Pixar’s ‘Soul’ is beautifully abstract visually, but perhaps too impenetrable for young viewers.
Kernel Rating: 3 out of 5
MPAA Rating: PG Length: 100 minutes
Age Appropriate For: 10+. The latest from Pixar continues a recent theme from the animation studio, and explores concepts related to life, death, and purpose. The film’s protagonist falls down a manhole and nearly passes away, sending his spirit into another realm; he runs away rather than accept his death and meets other characters who serve as guides for new souls and for people who have passed. The character is shown in a hospital bed back on Earth, and when he leaves the hospital, wanders around New York City looking disheveled and disoriented. Some conversations about the purpose of life and disappointing yourself or your family; some jokes about a character having gained weight; characters insult each other; one character is constantly belittled or put down by others who are meant to be mentors.
By Roxana Hadadi
For the past five or so years, Pixar’s films have focused on the concept of death. It’s heady stuff for young viewers, but between “Inside Out,” “The Good Dinosaur,” “Finding Dory,” “Coco,” “Toy Story 4,” and “Onward,” Pixar has made a pattern out of films that consider the loss of a parent, the loss of a child, or the loss of one’s own purpose. That trend continues with “Soul,” the first Pixar film to center on a Black character. The animation is beautiful and strange, and the movie’s experimentations with our understanding of souls and the afterlife are thoughtful. But there is something slightly unfulfilling about “Soul” and how its characters are imagined that might make this film more admirable than it is likable.
“Soul” focuses on Joe (voiced by Jamie Foxx), a music teacher by day and jazz musician by night; after years of going to auditions and playing gigs, he’s still certain that he’ll one day hit his big break. His day job, trying to encourage students who have either forgotten their instruments, or goof off in his class, or are playing on their phones instead of playing music, is steady employment, but he doesn’t believe it’s his life’s purpose. That is actually playing music, and when he plays the piano, it’s like he gets lost in the sound—floating away into another plane of existence far from the day-to-day banality of his real life. So when Joe gets a gig playing with renowned saxophonist Dorothea (Angela Bassett), he thinks he’s finally made it—until he falls through an open manhole.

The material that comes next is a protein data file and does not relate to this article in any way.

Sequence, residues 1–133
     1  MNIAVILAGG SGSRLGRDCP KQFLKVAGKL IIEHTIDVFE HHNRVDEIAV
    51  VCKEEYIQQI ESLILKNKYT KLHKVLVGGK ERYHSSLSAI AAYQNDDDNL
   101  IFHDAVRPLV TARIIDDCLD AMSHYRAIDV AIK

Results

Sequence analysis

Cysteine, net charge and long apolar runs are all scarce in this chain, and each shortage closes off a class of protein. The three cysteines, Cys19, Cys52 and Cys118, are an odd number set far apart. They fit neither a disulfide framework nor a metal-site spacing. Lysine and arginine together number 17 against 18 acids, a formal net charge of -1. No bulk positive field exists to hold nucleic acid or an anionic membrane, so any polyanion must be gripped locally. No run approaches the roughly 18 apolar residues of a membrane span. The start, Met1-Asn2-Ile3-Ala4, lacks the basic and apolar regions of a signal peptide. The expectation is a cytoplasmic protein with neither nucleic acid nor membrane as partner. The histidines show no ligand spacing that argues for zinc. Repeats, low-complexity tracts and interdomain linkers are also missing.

After his accident, Joe is caught in a kind of limbo. While his body is in a coma, his consciousness—and how we see him—shrinks into a smaller, teardrop-shaped, glowing blue figure, decorated with his customary hat, and is transported to another plane of existence. But instead of running up a ramp of glowing light (heavily suggested here to be a kind of heaven) into the Great Beyond, Joe runs away from it and ends up in another location, the Great Before, where he sees how souls are produced and then sent down to Earth. As he tries to hide from the accountant Terry (Rachel House), a soul counter who realizes that he did not travel into the Great Beyond as he was expected to, Joe ends up paired with the soul 22 (voiced by Tina Fey), who has languished for centuries in the Great Before.
22 is not interested in ever traveling to Earth and living because she’s never found her purpose, and her cynicism is in total contrast to Joe, who is desperate to find a way back to his body so he can play that special gig with the Dorothea Williams Quartet. And when they end up on Earth together, neither of them gets exactly what they want: 22 ends up in Joe’s body while he ends up in the body of a cat. Will finally experiencing Earth change 22’s mind about living? How will Joe end up back in his own body? Or, will 22 refuse to leave, trapping Joe in the cat forever? There are various existential questions “Soul” pursues as a result of this arrangement, and although there are a lot of hijinks here—22 being wobbly in Joe’s body because she doesn’t know how to use it; Joe’s mannerisms and facial expressions coming through in his cat body—the fundamental idea of finding our lives’ purpose is central.
Is this all a little too mature for young viewers? Probably. Although the animation is colorful, and although the counselors and Terry who live in the Great Beyond and the Great Before are intriguingly weird squiggle shapes, and although the film has some really beautiful moments that center Joe’s love of music, “Soul” asks some deep questions that it doesn’t exactly answer. The core idea of finding our purpose vs. finding our spark (two terms the film throws around constantly without really elucidating the difference) might be particularly difficult to grasp for children, although for older teens and adults, this might resonate. What are you good at, vs. what do you love? Are those the same things? Is there a way to combine them? Teachers in particular get some love, with “Soul” suggesting that mentorship, trust, and guidance are the most important qualities any older person can offer someone younger.
But “Soul” is also so high-minded that its narrative is a little difficult to really grab onto, and there is some tonal mish-mash between Joe’s confusion about whether he’s alive or dead, and the subsequent goofiness of watching 22 react in joy to eating a slice of pizza—there are emotional extremes here that don’t always sync. And although the film’s insistence that life is beautiful, no matter what, makes for a moving sequence in its final moments, how “Soul” reaches that conclusion is sometimes through uneven narrative and character development. “Soul” is easier to respect than it is to enjoy.
“Soul” is streaming on Disney+.